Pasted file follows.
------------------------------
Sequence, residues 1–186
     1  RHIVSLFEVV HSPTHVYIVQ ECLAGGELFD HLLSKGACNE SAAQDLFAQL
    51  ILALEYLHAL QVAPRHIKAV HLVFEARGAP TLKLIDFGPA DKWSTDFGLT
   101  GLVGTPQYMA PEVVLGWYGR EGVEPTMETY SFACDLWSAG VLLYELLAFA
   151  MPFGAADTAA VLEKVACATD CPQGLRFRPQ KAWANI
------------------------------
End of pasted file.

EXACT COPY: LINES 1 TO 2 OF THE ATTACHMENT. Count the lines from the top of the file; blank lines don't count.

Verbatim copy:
Sequence, residues 1–186
     1  RHIVSLFEVV HSPTHVYIVQ ECLAGGELFD HLLSKGACNE SAAQDLFAQL